The climate change debate might be one of the worst cases of academic suppression in history.
We see these days a lot of complaints about threats to academic freedom, but very little action. So it makes a lot of sense that CLINTEL has taken a positive step forward.
CLINTEL has issued the Magna Carta Universitatum 2020. This short document is basically an aspirational code of conduct for freedom of inquiry and speech at universities.
There is some impressive history here. The first Magna Carta Universitatum was issued in 1988 and to date at least 889 universities have signed on to it. CLINTEL notes that it is building directly on this precedent, to fit “the special challenges of today”. It is spot on that CLINTEL’s MCU 2020 is primarily directed to the present university leadership.
The original Magna Carta was in fact the Magna Carta Libertatum or Great Charter of Freedoms. It dates from 1215, showing that protecting freedoms is far from new.
The scope of CLINTEL’s Magna Carta is twofold. The main body is focused on five principles, each of which is stated and then discussed. This content is general in nature, applying to all sciences. But for each principle there is also given a climate science example, indicating that political authority and economic power today are suffocating climate science.
CLINTEL argues in its preamble that universities have become a primary source of prosperity in their region. The higher the scientific level realized, the larger the contribution to prosperity. Universities, therefore, should promote excellence at all times. This means that they should not settle for followership, but aim at leadership in their scientific expertise. And leadership in research and teaching does not follow political and commercial pressure.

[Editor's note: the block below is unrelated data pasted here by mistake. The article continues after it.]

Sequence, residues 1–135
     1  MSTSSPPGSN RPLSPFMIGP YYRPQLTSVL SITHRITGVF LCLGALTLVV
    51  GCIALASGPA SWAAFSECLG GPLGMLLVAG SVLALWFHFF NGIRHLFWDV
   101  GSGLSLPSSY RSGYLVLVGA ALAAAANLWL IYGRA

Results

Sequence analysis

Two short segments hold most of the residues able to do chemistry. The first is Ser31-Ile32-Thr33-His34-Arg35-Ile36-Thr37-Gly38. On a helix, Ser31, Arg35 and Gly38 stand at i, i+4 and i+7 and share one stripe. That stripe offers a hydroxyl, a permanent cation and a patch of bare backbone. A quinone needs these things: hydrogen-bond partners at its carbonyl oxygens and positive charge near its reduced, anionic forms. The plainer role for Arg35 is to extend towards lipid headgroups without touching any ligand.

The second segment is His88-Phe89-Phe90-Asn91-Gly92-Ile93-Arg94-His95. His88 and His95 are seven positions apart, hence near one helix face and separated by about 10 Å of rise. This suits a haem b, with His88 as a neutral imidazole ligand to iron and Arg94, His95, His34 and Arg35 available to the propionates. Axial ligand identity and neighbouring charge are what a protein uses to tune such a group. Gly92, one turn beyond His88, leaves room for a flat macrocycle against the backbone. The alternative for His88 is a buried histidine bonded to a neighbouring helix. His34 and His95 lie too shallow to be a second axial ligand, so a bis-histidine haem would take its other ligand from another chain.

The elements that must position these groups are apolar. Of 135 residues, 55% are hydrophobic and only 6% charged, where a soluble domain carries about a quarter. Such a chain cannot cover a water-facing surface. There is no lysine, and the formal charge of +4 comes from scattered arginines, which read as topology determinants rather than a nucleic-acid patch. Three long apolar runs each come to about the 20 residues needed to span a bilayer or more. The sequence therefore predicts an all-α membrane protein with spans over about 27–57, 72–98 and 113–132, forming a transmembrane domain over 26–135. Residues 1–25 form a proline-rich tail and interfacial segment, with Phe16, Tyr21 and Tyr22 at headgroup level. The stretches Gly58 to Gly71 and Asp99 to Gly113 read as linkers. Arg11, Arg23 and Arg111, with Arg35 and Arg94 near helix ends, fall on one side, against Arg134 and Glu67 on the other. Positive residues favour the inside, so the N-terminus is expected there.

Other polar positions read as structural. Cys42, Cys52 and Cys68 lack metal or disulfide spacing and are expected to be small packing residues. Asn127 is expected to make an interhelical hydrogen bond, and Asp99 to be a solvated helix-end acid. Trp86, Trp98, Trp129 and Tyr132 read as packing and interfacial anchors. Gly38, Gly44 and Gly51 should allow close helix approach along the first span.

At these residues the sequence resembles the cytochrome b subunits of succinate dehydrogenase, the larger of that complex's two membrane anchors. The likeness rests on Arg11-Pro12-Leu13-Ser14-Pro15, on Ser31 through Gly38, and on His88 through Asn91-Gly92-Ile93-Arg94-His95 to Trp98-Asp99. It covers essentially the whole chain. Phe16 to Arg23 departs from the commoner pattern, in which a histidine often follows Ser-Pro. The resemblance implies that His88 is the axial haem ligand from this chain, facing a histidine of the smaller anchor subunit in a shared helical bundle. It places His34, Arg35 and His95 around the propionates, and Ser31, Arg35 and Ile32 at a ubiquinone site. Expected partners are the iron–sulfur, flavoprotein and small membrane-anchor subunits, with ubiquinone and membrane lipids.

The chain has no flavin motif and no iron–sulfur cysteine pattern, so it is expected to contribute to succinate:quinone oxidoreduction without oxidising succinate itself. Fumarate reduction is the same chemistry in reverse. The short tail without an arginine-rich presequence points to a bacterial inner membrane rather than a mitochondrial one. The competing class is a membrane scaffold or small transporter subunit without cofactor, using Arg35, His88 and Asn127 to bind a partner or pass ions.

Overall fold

Here are the five principles of Magna Carta Universitatum 2020:
1. Sound scientific research is open-minded and is characterized by a wide variety of viewpoints without dogmas and prejudices
Professors that criticize the Anthropogenic Global Warming (AGW) hypothesis are excommunicated. Students and speakers are shouted down.
2. The complexity of multi-factor, multi-scale systems demands the input from a wide range of scientific fields and disciplines
Knowledge areas that reveal the natural variability of the earth’s climate are ignored.
3. Improved measurement systems are decisive for scientific progress; sound science requires a balance in theoretical and empirical sciences
In climate science model-makers are running the show, while progress urgently needs more and better observations.
4. Leaders of universities should protect their scientists from political ideologies; separation of science and politics is a great good
The political wish list of the Paris Climate Accord in 2015 has set the climate science agenda for decades.
5. Leaders of universities have a moral responsibility to warn society that conclusions from questionable scientific models must be distrusted
The climate science community ought to be more honest to the public about the severe limitations of their theoretical models.
The Great Charter ends with this imperative recommendation:
“Finally, academic leaders should bear in mind that universities ought to be centers of new ideas and delivery rooms of new talent. This requires an inspiring research and teaching environment, where new concepts are welcomed and ample room for experimentation is provided. The filtering out of bad ideas should be done by exposure, argument and observation and not by trying to silence creative minds.“